The AFL knew that there was an enormous probability COVID would impact more, and that the fixture would have to be condensed at some point. That is why they only release a segment of the fixture at a time. And that condensed point certainly arrived with some weeks having games every night, and some turnaround times for teams as short as four days – 33 games in 19 days at its most condensed time! Such incredibly short recovery times meant players could not be pushed to their normal game time limits every week. Being such an incredibly physical game, recovery in four days might be possible for some players, and maybe once or twice in succession, but it is a tough ask for weeks on end. Especially if you’re “old”, which in AFL parlance is pretty much anyone 28yo and above!

It has been shown in European soccer that teams with 3 days or less of recovery have muscle injury rates that are 20% higher than teams with the usual AFL 6-10 day break. And there is no reason to suspect the statistics wouldn’t be very similar in the brutally physical world of AFL football, if not higher.


Whilst living in a Queensland hub might seem like bliss to all us locked down Melburnian’s, it does present logistical nightmares for clubs. AFL clubs these days are world class recovery centres (as well as training venues) so hub life produces barriers and hurdles that must be overcome. The physio’s and sports scientists at clubs are world class, and enormous consideration and time will be going into ensuring players recover as best as possible. Whilst I don’t think this is a big cause of injuries, it’s just another small factor that must be factored in at a time when players would be needing every ounce of recovery benefit they could get.


As if it’s not hard enough, all second tier competitions have been called off, so clubs are madly trying to organise scratch matches with other clubs, or intra club match type practice with the few players left who aren’t selected. In a season where maintaining high loads is as important as recovery (and the highest loads always come from games) it is very hard to keep players who aren’t selected as match fit and toughened as they need to be when called on to play – yet another injury risk.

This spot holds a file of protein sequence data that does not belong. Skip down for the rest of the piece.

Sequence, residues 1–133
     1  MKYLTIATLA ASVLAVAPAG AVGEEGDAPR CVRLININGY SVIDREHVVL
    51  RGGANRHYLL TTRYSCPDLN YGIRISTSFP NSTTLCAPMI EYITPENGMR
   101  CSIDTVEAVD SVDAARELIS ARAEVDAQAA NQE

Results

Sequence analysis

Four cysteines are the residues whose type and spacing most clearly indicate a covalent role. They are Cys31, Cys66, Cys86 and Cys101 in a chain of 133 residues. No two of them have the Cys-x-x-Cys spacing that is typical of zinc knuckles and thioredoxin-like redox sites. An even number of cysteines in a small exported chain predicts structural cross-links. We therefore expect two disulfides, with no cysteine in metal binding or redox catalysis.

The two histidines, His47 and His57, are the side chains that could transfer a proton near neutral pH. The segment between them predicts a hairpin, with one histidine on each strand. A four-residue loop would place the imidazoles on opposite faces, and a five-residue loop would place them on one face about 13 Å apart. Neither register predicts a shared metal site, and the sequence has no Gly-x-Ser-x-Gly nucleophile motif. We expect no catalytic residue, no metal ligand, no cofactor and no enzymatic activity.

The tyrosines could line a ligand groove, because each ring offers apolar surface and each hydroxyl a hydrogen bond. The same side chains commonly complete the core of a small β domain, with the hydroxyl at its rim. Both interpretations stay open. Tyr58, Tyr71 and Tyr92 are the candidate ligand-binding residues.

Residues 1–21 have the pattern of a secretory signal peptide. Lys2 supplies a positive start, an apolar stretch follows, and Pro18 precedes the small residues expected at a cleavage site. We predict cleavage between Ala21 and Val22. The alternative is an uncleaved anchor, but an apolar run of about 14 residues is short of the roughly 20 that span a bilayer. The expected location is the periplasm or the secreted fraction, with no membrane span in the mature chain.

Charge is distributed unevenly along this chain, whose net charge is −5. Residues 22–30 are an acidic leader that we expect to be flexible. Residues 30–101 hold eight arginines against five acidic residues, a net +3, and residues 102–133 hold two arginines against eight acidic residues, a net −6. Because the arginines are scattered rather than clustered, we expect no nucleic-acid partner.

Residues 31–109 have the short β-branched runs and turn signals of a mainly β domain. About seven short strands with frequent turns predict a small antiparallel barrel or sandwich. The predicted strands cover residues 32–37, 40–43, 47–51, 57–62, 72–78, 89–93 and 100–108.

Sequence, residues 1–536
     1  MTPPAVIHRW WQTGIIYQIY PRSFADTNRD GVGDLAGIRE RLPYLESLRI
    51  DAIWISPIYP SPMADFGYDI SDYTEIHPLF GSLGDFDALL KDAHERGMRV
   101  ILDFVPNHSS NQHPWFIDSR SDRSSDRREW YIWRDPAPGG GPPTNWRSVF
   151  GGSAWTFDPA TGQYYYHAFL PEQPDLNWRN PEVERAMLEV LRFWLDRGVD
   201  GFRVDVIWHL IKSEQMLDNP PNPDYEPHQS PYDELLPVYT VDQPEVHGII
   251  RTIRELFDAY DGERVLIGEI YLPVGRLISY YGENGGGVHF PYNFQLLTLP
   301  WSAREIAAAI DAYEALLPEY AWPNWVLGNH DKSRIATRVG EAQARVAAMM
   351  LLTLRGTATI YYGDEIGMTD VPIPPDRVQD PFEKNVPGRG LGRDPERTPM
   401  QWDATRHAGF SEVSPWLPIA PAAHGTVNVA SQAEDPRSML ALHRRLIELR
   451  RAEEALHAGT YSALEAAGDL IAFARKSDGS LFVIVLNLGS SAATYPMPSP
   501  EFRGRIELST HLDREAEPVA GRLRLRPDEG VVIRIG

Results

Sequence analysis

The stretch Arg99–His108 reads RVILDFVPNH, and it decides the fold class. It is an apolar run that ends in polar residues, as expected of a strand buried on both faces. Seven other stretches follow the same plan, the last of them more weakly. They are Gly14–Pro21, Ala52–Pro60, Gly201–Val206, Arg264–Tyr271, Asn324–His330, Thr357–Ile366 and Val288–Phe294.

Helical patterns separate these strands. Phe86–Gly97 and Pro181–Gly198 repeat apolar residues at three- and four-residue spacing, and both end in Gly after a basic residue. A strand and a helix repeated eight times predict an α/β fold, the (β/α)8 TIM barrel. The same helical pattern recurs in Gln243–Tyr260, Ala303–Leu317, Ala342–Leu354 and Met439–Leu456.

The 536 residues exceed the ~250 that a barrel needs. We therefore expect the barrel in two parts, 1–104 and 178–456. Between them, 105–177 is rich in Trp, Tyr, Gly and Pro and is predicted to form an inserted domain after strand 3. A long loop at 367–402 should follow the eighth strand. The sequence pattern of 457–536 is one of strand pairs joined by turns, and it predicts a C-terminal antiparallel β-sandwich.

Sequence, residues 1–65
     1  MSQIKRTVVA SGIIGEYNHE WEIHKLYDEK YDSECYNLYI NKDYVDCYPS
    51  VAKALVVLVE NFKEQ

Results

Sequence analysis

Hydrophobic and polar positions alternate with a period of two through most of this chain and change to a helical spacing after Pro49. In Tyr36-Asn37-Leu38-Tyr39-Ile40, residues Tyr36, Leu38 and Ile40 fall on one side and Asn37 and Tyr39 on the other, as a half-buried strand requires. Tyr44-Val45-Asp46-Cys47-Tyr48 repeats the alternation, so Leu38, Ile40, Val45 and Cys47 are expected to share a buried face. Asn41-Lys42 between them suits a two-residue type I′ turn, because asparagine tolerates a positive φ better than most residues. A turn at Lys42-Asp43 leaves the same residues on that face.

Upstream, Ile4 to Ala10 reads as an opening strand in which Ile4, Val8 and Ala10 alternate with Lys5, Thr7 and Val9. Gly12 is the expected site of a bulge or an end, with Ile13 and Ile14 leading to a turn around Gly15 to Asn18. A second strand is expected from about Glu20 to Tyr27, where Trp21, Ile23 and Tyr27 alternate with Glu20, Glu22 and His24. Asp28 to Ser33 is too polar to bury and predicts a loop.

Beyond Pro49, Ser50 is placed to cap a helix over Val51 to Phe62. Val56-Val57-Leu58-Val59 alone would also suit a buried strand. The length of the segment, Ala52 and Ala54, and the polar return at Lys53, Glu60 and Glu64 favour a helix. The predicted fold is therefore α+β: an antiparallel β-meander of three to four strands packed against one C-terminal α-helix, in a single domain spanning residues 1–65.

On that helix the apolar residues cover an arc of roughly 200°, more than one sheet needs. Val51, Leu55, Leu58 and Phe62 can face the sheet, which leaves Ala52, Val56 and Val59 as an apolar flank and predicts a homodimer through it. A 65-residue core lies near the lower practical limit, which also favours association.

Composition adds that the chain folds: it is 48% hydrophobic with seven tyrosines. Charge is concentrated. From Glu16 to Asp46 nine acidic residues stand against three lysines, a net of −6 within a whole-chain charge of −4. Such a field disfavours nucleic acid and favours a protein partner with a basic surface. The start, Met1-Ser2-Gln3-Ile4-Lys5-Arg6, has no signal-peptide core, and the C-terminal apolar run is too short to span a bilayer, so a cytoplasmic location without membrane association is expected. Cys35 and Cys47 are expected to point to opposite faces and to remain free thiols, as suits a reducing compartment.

What is consistent across this incredible season is the rate of hamstring injuries. Once again, thanks to Tracademic for the stat’s: the rate of hamstring injuries since the restart in June is .38 per game, compared with .22 per game for the same rounds last year. And the rate was .61 hamstring injuries occurring per game across rounds 4-6. What is not surprising is the fact that many of these hamstring injuries have been in players that have had previous hamstring strains. One of the biggest risk factors for hamstring strain is… a past history of hamstring strain! Incredibly, 85% of the 2020 AFL hamstring strains have occurred in players who have a history! Given all the above factors of our COVID condensed season, it is little wonder the poor old hamstring suffers again.

And condensed rounds probably come into play here too – we have become a lot smarter over the years, realising that there is no set time frame for a hammy (remember the old standard 14 day rule, which then became 21)? It’s hard enough telling a footballer with a 3 week hamstring strain that they will miss 3 games – imagine telling them that their “3 week hammy” means they’ll miss 5 games (in a shorter 18 round season to boot)! Once again, the AFL staff are the best at their game, but perhaps it does tempt players to run the gauntlet and think more about “games missed” than “weeks missed”. Might also explain the high rate of reinjury this year in players coming back for their first game after a hamstring strain.

My Verdict?

Well it’s a tough one. What an incredible season, and one I hope we never see again! Whilst all of the above factors will contribute to injury rate, I look at it and think “What single factor above could I change to have the greatest impact on injury rate”? We can’t change “previous Injury” so that’s out. For me, it is turnaround time. If we could increase the recovery time for players, by increasing the days between games, I think we would see a large reduction in soft tissue injuries. Obviously it isn’t possible in the essential need to get a season completed. I think we would cope a lot better with the shorter pre-season, the higher intensity/shorter quarters, the altered recovery techniques, and the lack of reserves competition… if only we had a bit more time between games!

Anthony Lance

SSPC Physiotherapist